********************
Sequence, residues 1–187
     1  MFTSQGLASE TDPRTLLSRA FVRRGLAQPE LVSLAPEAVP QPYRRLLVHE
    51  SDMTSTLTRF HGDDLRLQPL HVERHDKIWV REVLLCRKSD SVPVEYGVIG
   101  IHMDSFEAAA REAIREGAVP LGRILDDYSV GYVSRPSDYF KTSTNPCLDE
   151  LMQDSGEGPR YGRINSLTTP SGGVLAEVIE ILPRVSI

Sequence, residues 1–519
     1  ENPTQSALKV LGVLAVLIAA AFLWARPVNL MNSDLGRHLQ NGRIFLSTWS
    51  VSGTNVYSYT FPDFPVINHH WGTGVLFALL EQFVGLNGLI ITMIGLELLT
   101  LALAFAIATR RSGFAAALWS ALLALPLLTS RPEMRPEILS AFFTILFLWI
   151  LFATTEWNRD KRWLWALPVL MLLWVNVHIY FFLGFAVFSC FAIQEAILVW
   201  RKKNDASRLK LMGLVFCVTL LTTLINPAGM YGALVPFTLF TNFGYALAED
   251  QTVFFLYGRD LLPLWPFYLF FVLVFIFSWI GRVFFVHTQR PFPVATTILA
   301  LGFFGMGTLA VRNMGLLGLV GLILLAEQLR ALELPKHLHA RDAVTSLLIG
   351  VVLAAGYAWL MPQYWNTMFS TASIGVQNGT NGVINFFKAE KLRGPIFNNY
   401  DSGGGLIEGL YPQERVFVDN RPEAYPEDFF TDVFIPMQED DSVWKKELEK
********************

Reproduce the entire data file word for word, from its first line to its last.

Sequence, residues 1–187
     1  MFTSQGLASE TDPRTLLSRA FVRRGLAQPE LVSLAPEAVP QPYRRLLVHE
    51  SDMTSTLTRF HGDDLRLQPL HVERHDKIWV REVLLCRKSD SVPVEYGVIG
   101  IHMDSFEAAA REAIREGAVP LGRILDDYSV GYVSRPSDYF KTSTNPCLDE
   151  LMQDSGEGPR YGRINSLTTP SGGVLAEVIE ILPRVSI

Sequence, residues 1–519
     1  ENPTQSALKV LGVLAVLIAA AFLWARPVNL MNSDLGRHLQ NGRIFLSTWS
    51  VSGTNVYSYT FPDFPVINHH WGTGVLFALL EQFVGLNGLI ITMIGLELLT
   101  LALAFAIATR RSGFAAALWS ALLALPLLTS RPEMRPEILS AFFTILFLWI
   151  LFATTEWNRD KRWLWALPVL MLLWVNVHIY FFLGFAVFSC FAIQEAILVW
   201  RKKNDASRLK LMGLVFCVTL LTTLINPAGM YGALVPFTLF TNFGYALAED
   251  QTVFFLYGRD LLPLWPFYLF FVLVFIFSWI GRVFFVHTQR PFPVATTILA
   301  LGFFGMGTLA VRNMGLLGLV GLILLAEQLR ALELPKHLHA RDAVTSLLIG
   351  VVLAAGYAWL MPQYWNTMFS TASIGVQNGT NGVINFFKAE KLRGPIFNNY
   401  DSGGGLIEGL YPQERVFVDN RPEAYPEDFF TDVFIPMQED DSVWKKELEK